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Humboldt-Universität zu Berlin - International Dispute Resolution

Humboldt-Universität zu Berlin | Faculty of Law | International Dispute Resolution | Opening Lecture on Efficiency in Arbitration, 6 November 2019

Opening Lecture on Efficiency in Arbitration, 6 November 2019

 

If I were asked why one should choose arbitration over other dispute resolution mechanisms, my answer would certainly be: “because of its efficiency”. The majority of lawyers working in arbitration would agree that efficiency is its key element. As I like to put it, arbitration is a living instrument that requires a rapid development over time. Therefore, what was efficient five years ago can be completely outdated today. Thus, one of the main concerns of the arbitration community should be maintenance and improvement of its efficiency. It is for this purpose that Prof Dr Klaus Sachs, Partner at CMS Hasche Sigle in Munich and Honorary Professor at the Ludwig Maximilian University of Munich, formally opened the 5th consecutive year of the IDR LL.M. program with a speech on “Efficiency in arbitration: Tools and techniques for effective proceedings”.

Prof Dr Sachs first put the topic into context: for businesses operating internationally, arbitration is the preferred dispute resolution mechanism nowadays. Whilst it was originally intended to be a more efficient alternative to court proceedings, arbitration has become increasingly lengthy and costly. The proceedings require thorough legal analysis, knowledge of the laws of multiple jurisdictions, and involve large teams of lawyers working across borders. Problems also arise due to the different procedural approaches of lawyers from common and civil law jurisdictions.

After outlining these issues, Prof Dr Sachs put forward suggestions to tackle them. One major step towards making arbitration more efficient would be to merge the advantages of the common law and the civil law approaches. As an example he mentioned the use of expert witnesses: whilst common lawyers are trained in a system in which experts are party-appointed, civil lawyers are used to tribunal-appointed use of experts. Selecting an expert witness is probably the most important decision in an arbitration, after the selection of the arbitrators. However, the so-called “battle of expert witnesses” has its downside since this process can be very time-consuming and thus lead to less efficiency. Prof Dr Sachs therefore discussed the “Sachs Protocol” which he proposed in a paper presented at the 2010 ICCA Congress in Rio de Janeiro. With regard to the use of experts, he suggests a hybrid system, whereby each party submits a list of potential experts, and the tribunal then chooses one expert from each list. These experts become the tribunal’s advisors, and the parties may in the presence of the tribunal address questions to them.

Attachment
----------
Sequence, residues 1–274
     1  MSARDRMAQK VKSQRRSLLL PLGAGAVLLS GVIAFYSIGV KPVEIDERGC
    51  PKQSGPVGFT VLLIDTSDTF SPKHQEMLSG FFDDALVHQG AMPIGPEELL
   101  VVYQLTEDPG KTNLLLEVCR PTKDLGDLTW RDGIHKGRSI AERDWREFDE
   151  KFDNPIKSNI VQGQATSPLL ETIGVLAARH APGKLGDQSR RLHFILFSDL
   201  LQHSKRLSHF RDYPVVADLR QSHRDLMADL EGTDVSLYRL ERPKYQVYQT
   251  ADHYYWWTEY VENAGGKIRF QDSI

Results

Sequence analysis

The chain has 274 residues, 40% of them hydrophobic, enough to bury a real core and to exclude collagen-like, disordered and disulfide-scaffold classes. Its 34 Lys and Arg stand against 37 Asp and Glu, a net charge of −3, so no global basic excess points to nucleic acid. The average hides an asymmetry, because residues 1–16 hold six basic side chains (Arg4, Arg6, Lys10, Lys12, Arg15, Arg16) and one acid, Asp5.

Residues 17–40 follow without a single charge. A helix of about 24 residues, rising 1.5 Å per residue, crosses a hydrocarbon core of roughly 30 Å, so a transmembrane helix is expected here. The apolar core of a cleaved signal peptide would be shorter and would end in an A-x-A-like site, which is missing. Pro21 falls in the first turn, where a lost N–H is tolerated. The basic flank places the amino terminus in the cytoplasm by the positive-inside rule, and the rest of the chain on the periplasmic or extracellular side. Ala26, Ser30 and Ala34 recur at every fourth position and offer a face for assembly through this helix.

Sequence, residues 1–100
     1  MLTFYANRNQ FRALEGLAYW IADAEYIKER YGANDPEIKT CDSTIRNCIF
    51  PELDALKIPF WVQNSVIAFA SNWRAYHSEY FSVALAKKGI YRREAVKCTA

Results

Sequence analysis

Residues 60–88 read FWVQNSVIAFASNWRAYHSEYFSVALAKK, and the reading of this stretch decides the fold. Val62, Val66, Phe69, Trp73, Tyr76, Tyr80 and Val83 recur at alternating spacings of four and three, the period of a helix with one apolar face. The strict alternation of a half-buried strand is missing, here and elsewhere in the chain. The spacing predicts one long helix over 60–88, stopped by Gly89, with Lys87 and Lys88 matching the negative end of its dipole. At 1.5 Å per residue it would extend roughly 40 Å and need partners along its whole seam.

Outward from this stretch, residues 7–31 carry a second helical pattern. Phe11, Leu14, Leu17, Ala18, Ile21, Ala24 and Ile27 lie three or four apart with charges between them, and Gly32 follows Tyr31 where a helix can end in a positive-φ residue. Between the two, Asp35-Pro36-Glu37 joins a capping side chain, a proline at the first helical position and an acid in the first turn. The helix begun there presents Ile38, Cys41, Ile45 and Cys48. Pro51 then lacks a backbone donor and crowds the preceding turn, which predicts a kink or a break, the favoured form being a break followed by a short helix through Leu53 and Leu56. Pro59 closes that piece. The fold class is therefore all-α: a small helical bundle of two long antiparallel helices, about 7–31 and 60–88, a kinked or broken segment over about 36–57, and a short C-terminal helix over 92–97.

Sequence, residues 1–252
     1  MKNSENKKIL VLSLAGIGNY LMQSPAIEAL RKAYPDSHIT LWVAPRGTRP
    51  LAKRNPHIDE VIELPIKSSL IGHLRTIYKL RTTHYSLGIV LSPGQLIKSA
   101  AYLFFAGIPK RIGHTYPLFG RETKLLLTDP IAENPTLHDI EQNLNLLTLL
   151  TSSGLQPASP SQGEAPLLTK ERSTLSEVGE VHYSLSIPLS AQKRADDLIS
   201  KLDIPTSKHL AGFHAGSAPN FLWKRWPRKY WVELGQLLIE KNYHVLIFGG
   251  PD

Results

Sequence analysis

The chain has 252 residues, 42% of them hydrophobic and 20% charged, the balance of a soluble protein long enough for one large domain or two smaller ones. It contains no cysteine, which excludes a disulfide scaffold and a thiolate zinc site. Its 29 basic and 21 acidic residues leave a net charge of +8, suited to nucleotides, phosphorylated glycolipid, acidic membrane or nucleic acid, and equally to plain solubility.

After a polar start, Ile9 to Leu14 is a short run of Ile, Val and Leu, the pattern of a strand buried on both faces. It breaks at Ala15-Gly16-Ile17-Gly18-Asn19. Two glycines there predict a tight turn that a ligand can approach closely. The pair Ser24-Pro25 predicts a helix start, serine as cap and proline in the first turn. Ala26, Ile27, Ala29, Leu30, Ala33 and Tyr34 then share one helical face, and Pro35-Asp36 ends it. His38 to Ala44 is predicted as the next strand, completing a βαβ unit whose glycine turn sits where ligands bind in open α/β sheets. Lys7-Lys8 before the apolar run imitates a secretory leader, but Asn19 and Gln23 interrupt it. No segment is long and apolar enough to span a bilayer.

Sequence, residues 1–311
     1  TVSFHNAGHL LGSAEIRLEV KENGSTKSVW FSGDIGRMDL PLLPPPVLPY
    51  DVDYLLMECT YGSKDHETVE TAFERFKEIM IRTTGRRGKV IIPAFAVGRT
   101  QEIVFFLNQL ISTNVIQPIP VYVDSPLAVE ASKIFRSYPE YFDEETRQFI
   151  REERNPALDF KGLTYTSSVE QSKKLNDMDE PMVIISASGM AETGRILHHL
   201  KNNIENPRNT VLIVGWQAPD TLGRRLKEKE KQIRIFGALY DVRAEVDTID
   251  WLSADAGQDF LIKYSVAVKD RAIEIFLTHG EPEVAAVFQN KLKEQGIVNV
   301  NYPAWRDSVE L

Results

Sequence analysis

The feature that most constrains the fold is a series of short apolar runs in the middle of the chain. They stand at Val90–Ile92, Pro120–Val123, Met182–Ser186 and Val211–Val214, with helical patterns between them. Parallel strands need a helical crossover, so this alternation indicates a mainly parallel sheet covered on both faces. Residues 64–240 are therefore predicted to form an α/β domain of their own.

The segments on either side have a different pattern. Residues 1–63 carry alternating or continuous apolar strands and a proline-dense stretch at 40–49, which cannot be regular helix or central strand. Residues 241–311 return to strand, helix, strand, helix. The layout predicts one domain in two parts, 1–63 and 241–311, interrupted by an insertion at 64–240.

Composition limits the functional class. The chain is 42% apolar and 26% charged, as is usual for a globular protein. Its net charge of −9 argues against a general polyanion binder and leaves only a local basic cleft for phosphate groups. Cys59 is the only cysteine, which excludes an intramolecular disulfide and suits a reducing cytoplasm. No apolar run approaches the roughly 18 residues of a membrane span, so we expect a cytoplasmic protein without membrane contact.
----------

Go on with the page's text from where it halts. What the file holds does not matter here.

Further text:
At the end of the lecture the IDR LL.M students, alumni and guests had the opportunity to not only listen, but also actively discuss the topic with Prof Dr Sachs. By courtesy of CMS Hasche Sigle, the Q&A session was followed by a reception leading to further discussions between the future generation of arbitration practitioners and experienced professionals and academics, perfectly rounding off the evening and marking the beginning of a promising year.

 

Faig Mustafaev, IDR LL.M. Candidate